A long way to the EU average: Spajić announced a big salary increase, but refuses to answer how

It is good to set ambitious goals, but behind them there must be a lot of work, changes and reforms, says Raško Konjević. The Union of Free Trade Unions says that political turmoil is hindering progress and economic development. EUROSTAT data show that Montenegro "falls far behind" the average salary in the EU

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Spajić at the Prime Minister's Hour, Photo: BORIS PEJOVIC
Spajić at the Prime Minister's Hour, Photo: BORIS PEJOVIC
Disclaimer: The translations are mostly done through AI translator and might not be 100% accurate.

In order to reach an average salary like in the European Union (EU), reforms must be deep and transformative. A better business environment, higher productivity, stable public finances and the political scene are some of the improvements needed to enter the "European club".

This is how "Vijesti" interlocutors comment on the Prime Minister's announcement Milojko Spajić, who on April 16, before the Foreign Affairs Committee of the European Parliament (EP), said that by the time Montenegro is proposed for membership, it could have a higher average salary than the EU average.

Several members of the executive power, as well as the president of the state Jakov Milatovic, they said that Montenegro's goal is to become the 28th member of the EU by 2028.

According to data from the European Statistical Office (EUROSTAT), the average monthly net income of a single person without children in the EU in 2023 was 2.351 euros.

The average net salary in Montenegro, as announced by the Statistics Authority (Monstat), was 825 euros in March.

The difference in gross earnings is even greater - EUROSTAT data from 2021 show that the average gross earnings in the EU amounted to almost 2.800 euros, while in Montenegro, according to Monstat, it was 1.003 euros.

The Prime Minister stated before the Committee that the average salary in Montenegro will be 1.000 euros by the end of the year, without specifying the month in which this will happen. He repeated that on Thursday at the Prime Minister's Hour.

The Europe Now Movement (PES) announced on February 11 that Spajić will resign if the average and minimum wages are not increased to 1000 and 700 euros by October 31 of this year.

For more than two weeks, Spajić's cabinet has not answered the questions of "Vijesti" about how the government plans to increase the average salary by more than 1.500 euros in three and a half years and whether they will resign if they do not fulfill the promise.

There is no magic wand

Secretary General of the Montenegrin Association of Employers (CUP) Rasko Konjević told "Vijesti" that there is no "magic wand" that will turn Montenegrin earnings into European ones.

"There is only the possibility of creating a European business environment in which the domestic economy, i.e. employers, will be a true partner - part of the decision-making process and creation of an environment that will be able to produce better results, and thus better conditions for employees in our companies", he points out. .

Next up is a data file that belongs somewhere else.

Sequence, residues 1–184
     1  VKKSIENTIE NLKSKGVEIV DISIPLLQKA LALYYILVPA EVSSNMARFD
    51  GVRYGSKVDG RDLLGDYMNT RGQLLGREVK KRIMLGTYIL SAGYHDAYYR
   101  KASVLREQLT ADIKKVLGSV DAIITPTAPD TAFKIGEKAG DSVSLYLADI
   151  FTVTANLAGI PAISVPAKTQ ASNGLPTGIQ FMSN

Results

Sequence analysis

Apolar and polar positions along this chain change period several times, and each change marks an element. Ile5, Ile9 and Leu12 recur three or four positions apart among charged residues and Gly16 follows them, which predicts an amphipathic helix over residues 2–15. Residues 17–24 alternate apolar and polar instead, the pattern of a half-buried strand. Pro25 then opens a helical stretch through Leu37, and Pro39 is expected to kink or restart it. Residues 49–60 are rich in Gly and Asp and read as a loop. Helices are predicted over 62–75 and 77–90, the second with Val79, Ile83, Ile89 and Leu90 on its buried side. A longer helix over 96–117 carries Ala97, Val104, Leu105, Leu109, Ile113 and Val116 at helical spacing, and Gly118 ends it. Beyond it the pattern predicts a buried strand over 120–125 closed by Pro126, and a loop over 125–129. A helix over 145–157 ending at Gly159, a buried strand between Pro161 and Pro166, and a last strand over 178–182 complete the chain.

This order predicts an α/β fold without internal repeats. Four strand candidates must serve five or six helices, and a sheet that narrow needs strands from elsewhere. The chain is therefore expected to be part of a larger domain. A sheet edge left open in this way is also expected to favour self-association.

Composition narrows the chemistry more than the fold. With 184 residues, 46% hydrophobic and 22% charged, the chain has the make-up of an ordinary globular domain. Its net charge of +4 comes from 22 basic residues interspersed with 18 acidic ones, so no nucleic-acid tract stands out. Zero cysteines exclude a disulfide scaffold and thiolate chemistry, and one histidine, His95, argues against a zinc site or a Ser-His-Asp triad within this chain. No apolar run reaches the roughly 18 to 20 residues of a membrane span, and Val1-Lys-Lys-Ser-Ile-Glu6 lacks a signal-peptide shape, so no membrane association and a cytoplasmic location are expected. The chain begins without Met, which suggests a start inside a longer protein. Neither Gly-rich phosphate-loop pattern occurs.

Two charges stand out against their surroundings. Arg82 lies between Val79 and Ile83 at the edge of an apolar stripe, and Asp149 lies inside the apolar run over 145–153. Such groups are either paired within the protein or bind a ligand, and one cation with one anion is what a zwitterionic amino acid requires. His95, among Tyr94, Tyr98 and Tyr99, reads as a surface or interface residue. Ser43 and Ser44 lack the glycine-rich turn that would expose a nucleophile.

To create a European business environment: Konjević
To create a European business environment: Konjevićphoto: CUP

Konjević assessed that companies as a whole, not governments, enter the EU, and that by receiving a positive Report on the Fulfillment of Interim Benchmarks (IBAR), Montenegro will step into the final section of the European road.

He added that it is good to set ambitious goals, but behind them there must be a lot of work, changes and reforms.

"The matter will be dominant on us when we are ready to receive the invitation for membership. Is it possible in 2028, but it implies a lot of work, energy, reforms, dialogue and stability. Of course, this also means maintaining a good climate for enlargement in the new composition of European institutions. An important segment of those reforms is the creation of a better business environment, which can create conditions for the further strengthening of the Montenegrin economy", says the interlocutor.

Decades of work await us

The Union of Free Trade Unions (USSCG) says that the political turmoil present in recent years is further hindering the progress and economic development of Montenegro.

"First and foremost, it is very important to establish a stable political scene and strengthen the tripartite dialogue of social partners who are key in making decisions of importance and interest for the economy and citizens", the USSCG assessed for "Vijesti".

That trade union organization states that, according to EUROSTAT data published in the middle of last year, the gross domestic product (GDP) per inhabitant according to the standard of purchasing power in Montenegro was 50 percent of the EU average.


In March, the average net salary in Montenegro was EUR 2023, while in the EU, a single person without children in 2.351 earned almost three times more - EUR XNUMX

They pointed out that the purchasing power of Montenegrin citizens is many times lower than that of Luxembourg, a country with which Montenegro is often compared, mainly because of its size and population.